Cart: $0.00 - (0 items )

Embraer, Iris aim to enable autonomy

Iris Automation is a safety avionics tech company that first came on the scene with a detect-and-avoid system made for drones, and since expanded the sales scope to include general aviation. While computer vision is envisioned to be an optional safety accessory for traditional aircraft, Iris also continues to eye autonomy, and announced March 18 a partnership with the innovative Brazilian airframer Embraer.

Iris CEO Jon Damush reported in an interview that he a very clear picture of why Iris exists and where it’s going: “Iris exists to make flying safer, period.”

Damush, a commercial pilot and certificated flight instructor, elaborated: “We are building perception technologies, things that have an unpiloted system or piloted system, gain better situational awareness…with better situational awareness, we can make fewer changes.”

Iris’ initial focus was on developing its detect-and-avoid technology for small drones—making them able to detect other traffic in the area and automatically avoid any collision. Casia is the result of that effort, a computer module connected to one or more cameras that identifies objects in the field of view, calculates closing trajectory, and directs a connected flight control system to maneuver as needed. (In the GA version, the system provides advisories.)

“In much the same way a human pilot satisfies FAR 91.113B today, we see and avoid other aircraft,” Damush said. Speaking on the human factor of it all, Damush explained that humans “aren’t always actually the best at this job and we’re kind of the last line of defense…That’s our first step, how can we help be another layer of the last line of defense against a mid-air collision, so that we can take steps toward integrating unpiloted and piloted systems in the same airspace.”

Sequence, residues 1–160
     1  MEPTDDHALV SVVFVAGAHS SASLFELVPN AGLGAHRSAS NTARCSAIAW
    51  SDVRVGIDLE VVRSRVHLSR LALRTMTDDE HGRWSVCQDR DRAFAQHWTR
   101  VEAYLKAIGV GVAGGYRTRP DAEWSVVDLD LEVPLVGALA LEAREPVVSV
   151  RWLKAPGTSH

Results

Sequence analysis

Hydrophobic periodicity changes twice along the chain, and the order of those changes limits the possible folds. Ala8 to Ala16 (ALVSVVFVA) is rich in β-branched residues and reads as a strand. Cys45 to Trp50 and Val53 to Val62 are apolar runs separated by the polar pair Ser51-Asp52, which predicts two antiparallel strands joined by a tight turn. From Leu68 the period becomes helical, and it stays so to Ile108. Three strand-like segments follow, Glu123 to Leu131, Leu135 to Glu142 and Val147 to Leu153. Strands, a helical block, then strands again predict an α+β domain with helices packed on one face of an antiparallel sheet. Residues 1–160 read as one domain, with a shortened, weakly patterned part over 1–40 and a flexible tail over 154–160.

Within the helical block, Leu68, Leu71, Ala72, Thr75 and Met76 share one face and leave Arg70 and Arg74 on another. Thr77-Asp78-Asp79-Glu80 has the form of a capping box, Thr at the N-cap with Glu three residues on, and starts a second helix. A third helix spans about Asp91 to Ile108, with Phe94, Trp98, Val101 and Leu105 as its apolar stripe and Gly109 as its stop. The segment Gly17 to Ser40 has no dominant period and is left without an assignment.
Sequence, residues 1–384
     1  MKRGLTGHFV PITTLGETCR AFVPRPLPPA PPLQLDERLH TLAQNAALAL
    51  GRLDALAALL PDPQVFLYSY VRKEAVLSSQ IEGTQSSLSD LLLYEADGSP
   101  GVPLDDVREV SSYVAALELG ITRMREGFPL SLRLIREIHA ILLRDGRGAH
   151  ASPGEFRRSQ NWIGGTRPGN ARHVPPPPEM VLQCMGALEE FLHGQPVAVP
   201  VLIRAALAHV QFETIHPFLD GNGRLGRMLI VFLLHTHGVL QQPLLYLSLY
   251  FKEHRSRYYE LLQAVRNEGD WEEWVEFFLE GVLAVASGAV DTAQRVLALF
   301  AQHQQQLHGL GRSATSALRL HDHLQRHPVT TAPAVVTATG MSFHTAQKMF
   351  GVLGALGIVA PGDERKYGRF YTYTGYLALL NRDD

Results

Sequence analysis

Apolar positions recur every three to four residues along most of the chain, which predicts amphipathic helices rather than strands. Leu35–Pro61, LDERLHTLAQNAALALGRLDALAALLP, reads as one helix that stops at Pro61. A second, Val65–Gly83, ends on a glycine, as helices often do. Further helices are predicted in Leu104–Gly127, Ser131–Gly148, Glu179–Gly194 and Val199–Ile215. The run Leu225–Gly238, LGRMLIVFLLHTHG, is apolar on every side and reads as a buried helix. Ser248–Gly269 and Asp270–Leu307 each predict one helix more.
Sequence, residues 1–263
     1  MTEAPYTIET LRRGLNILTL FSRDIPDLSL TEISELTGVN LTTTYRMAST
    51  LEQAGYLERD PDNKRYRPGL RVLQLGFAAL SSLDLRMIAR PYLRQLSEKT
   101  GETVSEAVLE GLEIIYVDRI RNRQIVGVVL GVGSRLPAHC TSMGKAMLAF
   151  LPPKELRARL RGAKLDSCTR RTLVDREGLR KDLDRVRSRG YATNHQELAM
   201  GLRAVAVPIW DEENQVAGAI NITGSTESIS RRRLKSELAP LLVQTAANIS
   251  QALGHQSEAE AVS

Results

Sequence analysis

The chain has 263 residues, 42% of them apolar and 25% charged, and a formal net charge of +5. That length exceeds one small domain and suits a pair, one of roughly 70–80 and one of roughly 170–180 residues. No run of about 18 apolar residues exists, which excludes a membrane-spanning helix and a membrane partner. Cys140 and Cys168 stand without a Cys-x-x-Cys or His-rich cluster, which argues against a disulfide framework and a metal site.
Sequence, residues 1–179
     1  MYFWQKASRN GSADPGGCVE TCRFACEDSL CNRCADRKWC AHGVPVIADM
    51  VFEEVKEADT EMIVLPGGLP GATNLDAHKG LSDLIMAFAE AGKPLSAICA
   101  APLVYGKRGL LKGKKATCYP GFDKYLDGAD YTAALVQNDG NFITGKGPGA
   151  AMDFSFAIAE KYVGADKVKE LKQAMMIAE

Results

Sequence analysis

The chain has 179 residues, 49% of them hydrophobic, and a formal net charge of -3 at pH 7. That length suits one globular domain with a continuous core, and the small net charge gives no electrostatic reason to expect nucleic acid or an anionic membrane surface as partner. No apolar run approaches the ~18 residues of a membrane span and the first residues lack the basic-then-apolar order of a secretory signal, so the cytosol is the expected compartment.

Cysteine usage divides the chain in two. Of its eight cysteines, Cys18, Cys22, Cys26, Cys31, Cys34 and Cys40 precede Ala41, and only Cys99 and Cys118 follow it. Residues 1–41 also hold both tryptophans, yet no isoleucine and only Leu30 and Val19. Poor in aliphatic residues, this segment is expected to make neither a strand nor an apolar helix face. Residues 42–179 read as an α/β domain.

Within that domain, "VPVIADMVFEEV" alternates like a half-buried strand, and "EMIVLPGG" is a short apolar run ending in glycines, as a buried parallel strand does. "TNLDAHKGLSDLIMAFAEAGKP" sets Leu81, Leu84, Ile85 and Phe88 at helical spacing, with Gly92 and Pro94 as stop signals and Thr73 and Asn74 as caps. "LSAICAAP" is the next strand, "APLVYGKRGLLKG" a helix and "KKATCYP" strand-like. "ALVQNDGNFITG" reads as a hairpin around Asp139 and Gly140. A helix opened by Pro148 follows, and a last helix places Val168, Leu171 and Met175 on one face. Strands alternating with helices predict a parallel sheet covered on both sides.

Iris’ perception technology is just one of a number of companies coming together for Embraer’s Project EASy. U.S.-based simulation software engineers Ansys, Swiss autonomous flight control software company Daedalean, and Brazilian driver behavior analysis company are collaborating to develop a number of new autonomous flight technologies in a project that, according to the press release, “uses agile experimentation processes for the development of best-in-class solutions that will enable the autonomous aviation of the future.”

Embraer, a global aerospace company known for building business jets, as well as commercial jets with up to 150 seats, has delivered more than 8,000 aircraft since its founding in 1969. The company has embraced a mission to make aviation more efficient, including development of urban air mobility. 

“We have been working intensely to co-create the aviation of the future in a broader collaboration with key technological partners,” said Maurilio Albanese Novaes Junior, Embraer’s head of research and technology, in the news release “We are glad to now have Near Earth Autonomy, Iris Automation and Daedalean contributing with their unique knowledge and experience in autonomous flight, as well as Ansys with its physics-based sensor simulation and expertise, along with which brings agile and flexible software integration to add value to our development project.”

With this new tech collaboration, Embraer hopes to further its work toward sustainable flight and electric vertical takeoff and landing technology developed by Eve, Embraer’s urban air mobility company.

Write a Reply or Comment:

Back to top